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Merciless Law "Troops Of Steel" Album Review

I've been an obsessed hard rock & heavy metal fan and collector since the early 1980s. If it's got a good guitar riff and attitude, I'm in.

Merciless Law, Troops Of Steel (2022)

Merciless Law, Troops Of Steel (2022)

Merciless Law – Troops Of Steel

Country: Chile
Power/Speed Metal
Run Time: 53:03, 10 Tracks
Released: 2022
Label: Stormspell Records

Maybe it's just me, but there seems to have been an uptick in one (or two) man metal "bands" popping up over the past few years. Such "do it yourself" projects used to be the sole purview of cheap, basement dwelling "black metal" misanthropes. But, whether due to the isolation spawned by the recent worldwide COVID-19 pandemic, or simply the ease of obtaining decent recording software and equipment via the Internet, the explosion in DIY metal—in which a single musician can record an entire album all by themselves, performing multiple instruments and lead vocals—has produced a variety of surprisingly legit, studio-only "bands" of late, crankin' out hard n' heavy tunes in just about every metal sub-genre you can think of.

The latest one-man army to cross my path calls itself Merciless Law, and it's the brainchild of guitarist/vocalist Pancho Ireland, who hails from Los Angeles, Chile (no, I didn't know they had their own "Los Angeles," either!). Merciless Law's first full length release, Troops Of Steel, was released in Summer 2022 by the tiny-but-true metal specialists at Stormspell Records.

Pancho's partner in crime in Merciless Law is none other than Cederick "Ced" Forsberg of Rocka Rollas and Blazon Stone fame, who contributed bass tracks and produced this album. His involvement makes sense, because anyone who's familiar with Ced's extensive discography knows that he's had more than enough experience in building albums from the ground up all by himself!

The Songs

Troops Of Steel kicks off with "A New Order," which packs a serious, all guns blazing punch full of nimble guitar riffing and high-pitched, squealing vocals. The tracks that follow, from the chugging "Breakdown" and "Wrath," to the pedal-to-the-metal "Victims Of War" and "The Street Fighter" (possibly inspired by the video game series?) are all packed with serious guitar candy, both leads and rhythms.

Mr. Ireland has definitely got some major six-string skills. There's no drummer mentioned in the album credits so I'm going to assume the rhythms are provided by "A. Machine," (haha) but even that doesn't distract from the quality of this metal mayhem.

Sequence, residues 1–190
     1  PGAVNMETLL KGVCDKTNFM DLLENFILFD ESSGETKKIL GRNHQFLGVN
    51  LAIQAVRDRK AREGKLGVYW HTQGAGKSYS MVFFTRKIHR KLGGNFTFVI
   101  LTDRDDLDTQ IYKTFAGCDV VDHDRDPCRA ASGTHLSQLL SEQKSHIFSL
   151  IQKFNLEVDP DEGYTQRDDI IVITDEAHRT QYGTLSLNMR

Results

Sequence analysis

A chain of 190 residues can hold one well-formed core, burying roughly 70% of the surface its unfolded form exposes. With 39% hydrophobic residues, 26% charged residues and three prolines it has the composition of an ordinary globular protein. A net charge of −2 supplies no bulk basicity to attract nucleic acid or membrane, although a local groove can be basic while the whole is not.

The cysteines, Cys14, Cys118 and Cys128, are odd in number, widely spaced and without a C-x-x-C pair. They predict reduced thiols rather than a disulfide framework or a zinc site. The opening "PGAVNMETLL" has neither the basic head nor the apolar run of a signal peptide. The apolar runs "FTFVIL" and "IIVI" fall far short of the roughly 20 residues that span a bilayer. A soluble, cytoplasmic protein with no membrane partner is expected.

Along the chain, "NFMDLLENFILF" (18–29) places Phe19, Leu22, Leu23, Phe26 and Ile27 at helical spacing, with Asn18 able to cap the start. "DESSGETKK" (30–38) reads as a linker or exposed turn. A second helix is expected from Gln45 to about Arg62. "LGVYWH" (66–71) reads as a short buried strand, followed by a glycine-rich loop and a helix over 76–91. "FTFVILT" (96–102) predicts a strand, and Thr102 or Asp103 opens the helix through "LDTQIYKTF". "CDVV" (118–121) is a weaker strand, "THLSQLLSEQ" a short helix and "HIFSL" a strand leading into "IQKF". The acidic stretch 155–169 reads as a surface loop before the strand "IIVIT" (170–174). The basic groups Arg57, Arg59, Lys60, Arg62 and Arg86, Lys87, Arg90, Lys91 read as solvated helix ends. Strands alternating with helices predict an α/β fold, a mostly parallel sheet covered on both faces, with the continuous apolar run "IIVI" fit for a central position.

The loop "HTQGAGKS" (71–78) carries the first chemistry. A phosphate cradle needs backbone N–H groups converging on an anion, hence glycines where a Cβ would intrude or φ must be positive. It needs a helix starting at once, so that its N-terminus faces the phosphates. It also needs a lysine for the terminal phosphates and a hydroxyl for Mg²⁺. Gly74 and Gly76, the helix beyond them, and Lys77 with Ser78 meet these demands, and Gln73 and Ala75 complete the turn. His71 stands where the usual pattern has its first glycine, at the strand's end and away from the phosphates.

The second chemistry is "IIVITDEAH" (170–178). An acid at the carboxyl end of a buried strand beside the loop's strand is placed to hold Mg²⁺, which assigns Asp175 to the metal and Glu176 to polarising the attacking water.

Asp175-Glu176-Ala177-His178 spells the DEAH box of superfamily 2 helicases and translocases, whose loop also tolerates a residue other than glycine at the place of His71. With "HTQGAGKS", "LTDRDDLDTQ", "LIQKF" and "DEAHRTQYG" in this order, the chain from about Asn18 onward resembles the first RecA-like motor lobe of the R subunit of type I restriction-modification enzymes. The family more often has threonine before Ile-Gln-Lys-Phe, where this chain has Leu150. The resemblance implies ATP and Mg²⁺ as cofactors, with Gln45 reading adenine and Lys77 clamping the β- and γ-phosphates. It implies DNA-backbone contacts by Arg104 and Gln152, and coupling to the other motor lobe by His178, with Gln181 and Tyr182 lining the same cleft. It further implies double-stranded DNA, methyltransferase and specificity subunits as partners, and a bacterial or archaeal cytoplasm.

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"There's No Superheroes" has a nice, down n' dirty chunk to it and "World Circus" (no relation to the track by late '80s cult prog speed metallers Toxik, I presume) leads into the epic length "Troops Of Steel (Fight For Glory)," which clocks in at nearly seven and a half minutes of all-men-play-on-ten metal goodness.

Compulsive collectors should note that Stormspell's CD pressing of Troops Of Steel ends with two bonus tracks that are not available on the digital version of the album. The walloping "Questions" and the four-on-the-floor crusher "Gods Of War" cap the disc off on a satisfactorily metal-as-f*ck note.

In short, if your neck isn't sore from headbanging after listening to this album...then you need to press "repeat" and play it again!

Summing It Up

Retro metal albums may be a dime a dozen nowadays, but Troops Of Steel was a fun listen, thanks to Pancho's impressive guitar prowess, his Kai Hansen-esque vocal style, and his all around fanboy enthusiasm. This is not a guy who's trying to re-invent the wheel, he just wants to use his skills to pay homage to the heavy metal heroes who came before him, and there's nothing wrong with that!

The more I listened to Troops Of Steel, the more I realized that the album bears a strong similarity to The War Of Steel Has Begun, the 2011 debut by Cederick's Rocka Rollas. Both albums are gloriously loud n proud, no frills, meat n' potatoes melodic speed metal worshipping at the altar of Walls Of Jericho era Helloween, early Gamma Ray, classic Judas Priest, Restless & Wild era Accept, and Heavy Metal Breakdown era Grave Digger. If you like any of those bands/albums, you will find much to enjoy in the grooves of Troops Of Steel.

For more information on Merciless Law, you can check out their Bandcamp page, and Troops Of Steel CDs can be purchased from Stormspell Records' official store. As usual, Stormspell's CD release is an ultra-mega-limited pressing of only 300 copies, so you'll have to act fast if you want to add this primo slab of speed metal to your collection. Horns up, and here's to more Merciless Law in the (hopefully) near future!

Pancho Ireland

Pancho Ireland

© 2022 Keith Abt

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